Left early-ish at low slack to get through more narrows and rapids by 8am. We made it and enjoyed the push of the current from behind as we headed towards Kitkatla. Once again, the fog lifted around noon to reveal sun reflecting off glassy calm waters. Had to keep a pretty good eye out for flotsam and jetsom, but was pretty easy cruising. We noticed the landscape steepen with more alpine meadows and a reduction in visible beaches. Arrived early outside Kitkatla and dropped a line; another pink.
Pulled up to Kitkatla and tied up at the single finger wharf alongside some well-kept boats and a fancy RCMP vessel. We were pleasantly greeted with friendly smiles as we walked into the village. Unfortunately, I don’t know anyone with Gixtaala First Nation in the community at the time and being the first week of August there were not as many people around, so it was more of a stroll through town to get a sense of the place.
There were a few hours left in the day, so we decided to make our way to the next destination we were curious about – Oona River, a Swedish settlement of about 75 people who we had heard were very friendly and welcoming of visitors. If only getting into their harbour was as welcoming. The community sits in the very shallow mouth of the Oona River and is only accessible at high tides. Every guide book we’d read said, “do not enter without local knowledge.” So we called in on the VHF and reached Lutz, a friendly German who asked us to motor over to the piling with the marked numbers and read them. 3.5 – that would indicate 3.5 feet of water. Definitely not enough for Nordri.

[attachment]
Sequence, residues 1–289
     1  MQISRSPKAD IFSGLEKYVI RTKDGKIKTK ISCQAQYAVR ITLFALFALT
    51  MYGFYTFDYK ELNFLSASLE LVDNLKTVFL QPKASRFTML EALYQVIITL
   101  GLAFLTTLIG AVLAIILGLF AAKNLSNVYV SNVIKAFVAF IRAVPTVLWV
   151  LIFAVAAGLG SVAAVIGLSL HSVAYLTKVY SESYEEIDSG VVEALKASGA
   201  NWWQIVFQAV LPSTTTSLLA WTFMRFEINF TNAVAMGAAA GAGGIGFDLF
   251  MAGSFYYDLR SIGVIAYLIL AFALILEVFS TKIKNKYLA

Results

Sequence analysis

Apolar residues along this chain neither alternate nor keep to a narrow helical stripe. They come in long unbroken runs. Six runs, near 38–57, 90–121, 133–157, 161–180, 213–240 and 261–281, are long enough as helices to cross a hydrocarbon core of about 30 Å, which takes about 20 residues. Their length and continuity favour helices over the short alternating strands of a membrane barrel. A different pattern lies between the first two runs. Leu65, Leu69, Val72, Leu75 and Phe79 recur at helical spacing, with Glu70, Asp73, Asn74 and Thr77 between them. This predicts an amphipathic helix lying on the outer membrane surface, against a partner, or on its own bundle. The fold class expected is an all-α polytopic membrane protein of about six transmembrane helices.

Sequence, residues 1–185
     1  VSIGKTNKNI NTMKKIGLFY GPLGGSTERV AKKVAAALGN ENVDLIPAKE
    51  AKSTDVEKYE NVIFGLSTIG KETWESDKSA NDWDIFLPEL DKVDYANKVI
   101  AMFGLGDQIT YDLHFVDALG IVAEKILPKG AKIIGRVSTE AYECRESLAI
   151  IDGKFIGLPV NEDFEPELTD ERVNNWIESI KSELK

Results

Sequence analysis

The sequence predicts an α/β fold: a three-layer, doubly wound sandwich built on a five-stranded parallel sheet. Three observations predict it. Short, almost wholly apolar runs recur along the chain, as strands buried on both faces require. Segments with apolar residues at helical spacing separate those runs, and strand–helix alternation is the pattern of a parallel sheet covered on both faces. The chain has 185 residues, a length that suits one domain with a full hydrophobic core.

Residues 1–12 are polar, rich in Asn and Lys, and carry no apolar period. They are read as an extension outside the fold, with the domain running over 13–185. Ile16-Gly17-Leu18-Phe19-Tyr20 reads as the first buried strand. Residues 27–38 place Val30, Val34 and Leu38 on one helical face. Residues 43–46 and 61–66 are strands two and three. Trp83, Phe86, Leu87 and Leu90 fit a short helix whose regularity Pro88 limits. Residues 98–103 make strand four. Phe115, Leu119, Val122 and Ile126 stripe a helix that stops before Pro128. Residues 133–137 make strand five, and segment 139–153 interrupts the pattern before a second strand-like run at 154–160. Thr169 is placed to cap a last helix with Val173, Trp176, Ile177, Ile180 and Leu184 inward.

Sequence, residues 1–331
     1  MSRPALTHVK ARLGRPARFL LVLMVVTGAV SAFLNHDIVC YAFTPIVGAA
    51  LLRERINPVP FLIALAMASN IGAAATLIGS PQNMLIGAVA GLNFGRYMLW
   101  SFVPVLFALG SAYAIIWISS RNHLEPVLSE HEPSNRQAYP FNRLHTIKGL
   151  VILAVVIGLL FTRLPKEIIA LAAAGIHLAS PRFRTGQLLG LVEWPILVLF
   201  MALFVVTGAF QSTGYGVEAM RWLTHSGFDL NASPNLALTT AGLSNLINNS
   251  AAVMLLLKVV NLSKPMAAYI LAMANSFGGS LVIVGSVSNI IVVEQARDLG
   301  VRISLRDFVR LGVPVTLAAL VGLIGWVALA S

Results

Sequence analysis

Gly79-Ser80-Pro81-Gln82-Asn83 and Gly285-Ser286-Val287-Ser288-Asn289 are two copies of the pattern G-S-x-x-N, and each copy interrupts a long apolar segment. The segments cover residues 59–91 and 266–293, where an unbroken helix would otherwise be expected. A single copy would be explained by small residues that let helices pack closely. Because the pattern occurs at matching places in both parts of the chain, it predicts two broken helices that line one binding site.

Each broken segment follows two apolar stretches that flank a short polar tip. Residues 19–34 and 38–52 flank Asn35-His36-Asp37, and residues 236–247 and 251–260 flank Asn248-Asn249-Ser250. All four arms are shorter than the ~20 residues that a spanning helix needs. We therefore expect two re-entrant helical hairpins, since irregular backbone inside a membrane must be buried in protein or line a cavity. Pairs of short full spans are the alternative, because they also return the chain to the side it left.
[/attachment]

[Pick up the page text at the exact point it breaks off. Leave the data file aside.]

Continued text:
Next thing we knew, Lutz had hopped into his skiff and came out to meet us on the forestry wharf that the community uses to wait out the tides. Just as he was encouraging us to spend the night on the wharf and then come in on the tide in the morning to have coffee with the community, a big aluminum boat came burning around the corner and heading towards the harbour. Lutz jumped on our radio to let the driver, Mark know the tide was low and that he could give them all a lift in until the tide came up. So Mark left his boat and we had dinner and caught up with email (Oona River has cell service!) until the tide came up. Mark got a lift back out to his boat and gave us a few instructions on what to look for as we followed him in. It was 11pm and dark. “It’s a soft bottom if you do get stuck.”
As we followed Mark closely in, Kim made the mistake of reading the depth – 7.7…6.9…6.6…5.9…5.5… - fortunately it didn’t get any shallower than that. As 5 or 6 community members helped us settle our boat on the wharf, Mark invited us to come up to his place and walk over for the community coffee at 10am. We tucked in excited to explore this amazingly friendly community.
Dock at Kitkatla
Engine hour meter passed over 1000hrs today! Nordri has been running like a top!